Parenting is much more like baking a cake than cooking a stew. When you bake a cake, it doesn’t matter if you use the highest quality butter when you’ve forgotten to add the eggs. In the same way, you could read 400 pages about how to handle tantrums and consider yourself a veritable expert yet miss the target completely because in reality, your child isn’t getting enough sleep. Or you could read a treatise on nutrition and spend endless effort preparing balanced meals, only for your child to refuse to sit down and eat because you have trouble setting—and sticking to—boundaries. You must see the whole picture together, all the ingredients at once, and the checklist helps you do so.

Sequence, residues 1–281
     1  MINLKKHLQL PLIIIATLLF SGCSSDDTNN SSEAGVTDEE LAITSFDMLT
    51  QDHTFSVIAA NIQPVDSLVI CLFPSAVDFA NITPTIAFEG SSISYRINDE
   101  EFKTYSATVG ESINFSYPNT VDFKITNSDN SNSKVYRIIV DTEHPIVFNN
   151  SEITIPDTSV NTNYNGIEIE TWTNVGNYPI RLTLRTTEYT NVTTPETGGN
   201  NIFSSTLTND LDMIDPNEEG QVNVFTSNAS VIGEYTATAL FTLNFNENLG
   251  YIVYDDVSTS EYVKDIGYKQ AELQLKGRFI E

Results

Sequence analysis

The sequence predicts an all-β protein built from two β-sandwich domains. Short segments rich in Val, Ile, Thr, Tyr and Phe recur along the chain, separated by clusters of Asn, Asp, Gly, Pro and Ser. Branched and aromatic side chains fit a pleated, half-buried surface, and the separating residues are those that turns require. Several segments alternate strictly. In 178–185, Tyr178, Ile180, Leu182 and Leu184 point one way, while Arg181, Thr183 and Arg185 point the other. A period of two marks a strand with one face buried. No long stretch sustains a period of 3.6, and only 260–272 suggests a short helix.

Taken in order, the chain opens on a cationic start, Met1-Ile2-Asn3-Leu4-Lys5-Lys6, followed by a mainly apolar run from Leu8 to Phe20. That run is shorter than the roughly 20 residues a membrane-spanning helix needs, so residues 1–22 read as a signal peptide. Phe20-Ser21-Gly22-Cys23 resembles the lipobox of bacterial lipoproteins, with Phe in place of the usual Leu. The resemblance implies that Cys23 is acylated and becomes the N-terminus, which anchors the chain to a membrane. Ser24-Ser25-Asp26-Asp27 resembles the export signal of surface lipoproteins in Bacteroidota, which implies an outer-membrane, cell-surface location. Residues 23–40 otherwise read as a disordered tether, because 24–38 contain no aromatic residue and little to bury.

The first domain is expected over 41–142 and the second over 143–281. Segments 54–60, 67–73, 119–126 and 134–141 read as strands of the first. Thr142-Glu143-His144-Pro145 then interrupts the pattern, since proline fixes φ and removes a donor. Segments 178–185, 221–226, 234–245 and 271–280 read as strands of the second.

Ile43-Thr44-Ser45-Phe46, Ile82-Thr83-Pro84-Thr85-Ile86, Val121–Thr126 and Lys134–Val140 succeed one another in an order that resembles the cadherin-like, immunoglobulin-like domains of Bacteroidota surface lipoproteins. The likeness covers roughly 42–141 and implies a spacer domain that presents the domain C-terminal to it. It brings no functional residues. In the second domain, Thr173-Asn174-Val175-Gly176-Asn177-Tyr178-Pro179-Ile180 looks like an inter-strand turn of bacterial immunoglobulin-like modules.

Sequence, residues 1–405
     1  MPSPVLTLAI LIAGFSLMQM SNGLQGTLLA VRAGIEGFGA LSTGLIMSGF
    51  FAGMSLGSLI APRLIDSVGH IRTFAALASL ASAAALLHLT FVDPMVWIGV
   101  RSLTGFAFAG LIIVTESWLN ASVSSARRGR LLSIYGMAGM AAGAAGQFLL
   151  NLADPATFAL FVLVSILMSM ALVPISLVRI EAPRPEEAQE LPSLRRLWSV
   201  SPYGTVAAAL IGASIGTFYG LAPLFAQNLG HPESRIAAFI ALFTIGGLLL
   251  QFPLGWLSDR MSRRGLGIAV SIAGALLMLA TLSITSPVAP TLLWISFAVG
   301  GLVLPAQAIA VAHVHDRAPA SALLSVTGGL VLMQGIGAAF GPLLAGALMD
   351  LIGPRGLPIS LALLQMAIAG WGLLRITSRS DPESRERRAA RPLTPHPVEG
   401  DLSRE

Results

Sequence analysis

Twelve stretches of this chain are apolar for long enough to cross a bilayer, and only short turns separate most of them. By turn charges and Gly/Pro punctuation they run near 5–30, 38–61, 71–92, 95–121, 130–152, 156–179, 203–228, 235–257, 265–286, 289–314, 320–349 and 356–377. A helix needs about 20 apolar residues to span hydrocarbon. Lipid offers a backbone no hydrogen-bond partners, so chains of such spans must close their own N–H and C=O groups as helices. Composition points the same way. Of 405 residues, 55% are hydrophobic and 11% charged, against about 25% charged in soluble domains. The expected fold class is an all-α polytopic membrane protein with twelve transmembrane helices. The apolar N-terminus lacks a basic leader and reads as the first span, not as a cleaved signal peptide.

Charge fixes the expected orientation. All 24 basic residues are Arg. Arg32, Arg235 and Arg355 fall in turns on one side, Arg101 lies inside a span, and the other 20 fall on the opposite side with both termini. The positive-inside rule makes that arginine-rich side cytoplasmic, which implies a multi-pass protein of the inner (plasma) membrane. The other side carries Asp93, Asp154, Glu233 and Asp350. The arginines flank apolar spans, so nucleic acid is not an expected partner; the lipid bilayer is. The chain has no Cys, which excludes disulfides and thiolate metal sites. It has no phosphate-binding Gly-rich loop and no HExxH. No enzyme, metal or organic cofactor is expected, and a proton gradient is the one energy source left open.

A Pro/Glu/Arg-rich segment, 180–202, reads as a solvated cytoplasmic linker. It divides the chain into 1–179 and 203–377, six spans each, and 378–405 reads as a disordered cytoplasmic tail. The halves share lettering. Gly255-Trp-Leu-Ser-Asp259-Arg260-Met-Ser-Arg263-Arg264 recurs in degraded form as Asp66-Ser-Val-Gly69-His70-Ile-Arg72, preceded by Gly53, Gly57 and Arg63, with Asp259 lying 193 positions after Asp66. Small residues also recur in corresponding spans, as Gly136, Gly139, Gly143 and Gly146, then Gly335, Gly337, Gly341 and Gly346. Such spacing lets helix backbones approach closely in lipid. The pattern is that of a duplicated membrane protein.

My checklists will help you get the distance you need to see how you’re doing the right things the wrong way, and will help you get back on the right track.

How to Use the Checklists

Use the checklists as a way to imagine me perched on your shoulder watching over you. If your child is having a difficult day, run through the main headings in the table of contents: Sleep? Check. Nutrition? Check. Consistent limits? Check. Quality time? Check. And so on. Chances are excellent that just in looking at this “list,” you’ll see that one box is missing its check. It’s imperative that you be honest in your answers. You can keep them as private as you like.

You may run through this list daily or even several times a day. While things such as sleep and nutrition are probably in your mind already, my hope is that facets such as quality time and self-esteem will come to be just as natural for you to consider.